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Warren Reports Blog: Judge Jones Said It, I Believe It, That Settles It (Part II)

Casey Luskin

In Part I of this series, I discussed how Michael Francisco’s post last year had a bumper sticker for people who take the “Judge Jones Said It, I Believe It, That Settles It” approach to intelligent design. Devin James Carpenter, over at Warren Reports blog deserves the bumper sticker due to his many inaccurate statements about intelligent design and his thoroughgoing acceptance of Judge Jones’ Kitzmiller ruling. In this second installment, I will discuss problems with some of Carpenter’s arguments against intelligent design (ID).

Misrepresentations of ID
Carpenter states that ID “calls into question (on a theological basis) the ability of nature to transform simple biological beings into complex ones.” To claim that ID challenges neo-Darwinism “on a theological basis” is a flat-out misrepresentation of ID. Michael Behe provides clear empirical reasons, based upon challenges which go back to Darwin himself, as to why the mutation-selection mechanism cannot produce irreducible complexity. But to summarize some Behe’s of empirical and non-theological challenges:

In The Origin of Species, Darwin stated:

If it could be demonstrated that any complex organ existed which could not possibly have been formed by numerous, successive, slight modifications, my theory would absolutely break down.

A system which meets Darwin’s criterion is one which exhibits irreducible complexity. By irreducible complexity I mean a single system which is composed of several interacting parts that contribute to the basic function, and where the removal of any one of the parts causes the system to effectively cease functioning. An irreducibly complex system cannot be produced gradually by slight, successive modifications of a precursor system, since any precursor to an irreducibly complex system is by definition nonfunctional.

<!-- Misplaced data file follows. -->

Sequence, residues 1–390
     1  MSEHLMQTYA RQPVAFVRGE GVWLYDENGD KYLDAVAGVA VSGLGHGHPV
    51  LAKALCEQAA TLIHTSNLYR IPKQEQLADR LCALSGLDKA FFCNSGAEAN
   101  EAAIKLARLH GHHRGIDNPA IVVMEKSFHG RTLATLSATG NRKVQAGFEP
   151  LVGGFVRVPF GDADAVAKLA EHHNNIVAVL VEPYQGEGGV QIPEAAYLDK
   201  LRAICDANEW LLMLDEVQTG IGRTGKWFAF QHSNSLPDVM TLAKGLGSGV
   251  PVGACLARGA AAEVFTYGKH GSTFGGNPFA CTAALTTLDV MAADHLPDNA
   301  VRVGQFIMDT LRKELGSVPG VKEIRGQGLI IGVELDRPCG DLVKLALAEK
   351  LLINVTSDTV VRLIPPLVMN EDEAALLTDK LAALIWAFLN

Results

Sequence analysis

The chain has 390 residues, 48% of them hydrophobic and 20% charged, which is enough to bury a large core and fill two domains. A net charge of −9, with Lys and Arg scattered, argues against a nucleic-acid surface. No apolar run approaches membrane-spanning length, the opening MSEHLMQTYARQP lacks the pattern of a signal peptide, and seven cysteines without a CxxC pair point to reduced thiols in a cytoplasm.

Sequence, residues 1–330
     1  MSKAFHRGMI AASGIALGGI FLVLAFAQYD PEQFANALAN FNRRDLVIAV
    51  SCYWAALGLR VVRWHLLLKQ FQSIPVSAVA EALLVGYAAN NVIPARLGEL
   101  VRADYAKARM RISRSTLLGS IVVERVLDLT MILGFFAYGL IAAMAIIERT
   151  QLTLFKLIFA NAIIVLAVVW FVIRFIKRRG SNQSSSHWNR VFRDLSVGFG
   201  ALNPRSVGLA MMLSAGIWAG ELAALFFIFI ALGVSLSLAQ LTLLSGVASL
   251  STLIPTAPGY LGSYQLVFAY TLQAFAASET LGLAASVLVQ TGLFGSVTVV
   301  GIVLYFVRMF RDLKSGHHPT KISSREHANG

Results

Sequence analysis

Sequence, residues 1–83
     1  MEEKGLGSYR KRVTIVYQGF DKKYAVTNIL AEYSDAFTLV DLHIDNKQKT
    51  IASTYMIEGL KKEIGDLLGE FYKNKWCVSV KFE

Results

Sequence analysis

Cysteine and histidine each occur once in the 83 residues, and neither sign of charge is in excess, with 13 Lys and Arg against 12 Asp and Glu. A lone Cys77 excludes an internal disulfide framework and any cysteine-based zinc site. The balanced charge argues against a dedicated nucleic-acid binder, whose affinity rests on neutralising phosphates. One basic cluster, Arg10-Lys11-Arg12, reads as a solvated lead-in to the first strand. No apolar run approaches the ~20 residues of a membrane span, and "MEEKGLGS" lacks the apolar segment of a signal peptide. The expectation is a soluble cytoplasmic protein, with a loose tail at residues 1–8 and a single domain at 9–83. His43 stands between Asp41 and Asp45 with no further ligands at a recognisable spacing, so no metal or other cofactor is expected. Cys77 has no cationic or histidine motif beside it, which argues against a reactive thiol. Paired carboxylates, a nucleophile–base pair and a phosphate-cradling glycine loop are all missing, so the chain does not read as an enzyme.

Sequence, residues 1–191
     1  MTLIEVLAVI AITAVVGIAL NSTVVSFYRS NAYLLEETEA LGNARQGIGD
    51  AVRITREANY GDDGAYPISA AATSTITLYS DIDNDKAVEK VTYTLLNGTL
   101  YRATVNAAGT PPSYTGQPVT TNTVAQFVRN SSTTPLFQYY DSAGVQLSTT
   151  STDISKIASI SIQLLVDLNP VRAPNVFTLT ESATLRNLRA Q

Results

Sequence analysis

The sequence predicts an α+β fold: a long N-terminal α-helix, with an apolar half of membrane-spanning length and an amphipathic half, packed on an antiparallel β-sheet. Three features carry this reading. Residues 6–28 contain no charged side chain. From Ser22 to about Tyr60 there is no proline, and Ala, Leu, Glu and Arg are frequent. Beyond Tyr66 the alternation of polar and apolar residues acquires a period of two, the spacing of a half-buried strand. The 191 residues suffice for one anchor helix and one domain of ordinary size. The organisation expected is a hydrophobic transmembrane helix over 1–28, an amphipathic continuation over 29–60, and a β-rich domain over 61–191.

To dismiss Behe’s arguments by asserting they merely have “a theological basis” completely misrepresents them and dismisses them in a fashion which will leave any informed person–whether a critic or supporter of ID–fully cognizant that Carpenter has neither appreciated nor engaged the real issues.

Intelligent Design and Negative Arguments
Carpenter states: “‘intelligent design’ seems to be merely a negative theory, meaning it only criticizes evolution and doesn’t propose anything scientific of its own” and he quotes a critic saying that because ID does not explain some things, therefore it explains no things. Again, this is a blatant misrepresentation of ID. ID proposes to positively explain (among other things) that high levels of specified complexity, such as irreducible complexity, come from intelligence. This is a positive and predictive argument for intelligent design (that is further outlined here). This positive case was made explicit by Scott Minnich during the Dover trial, where he eloquently stated:

In other words, you’re saying, it’s an argument out of ignorance. And I don’t think it is. Again, it’s an argument out of our common cause and effect experience where we find these machines or information storage systems. From our experience, we know there’s an intelligence behind it. (Day 21, pg. 86)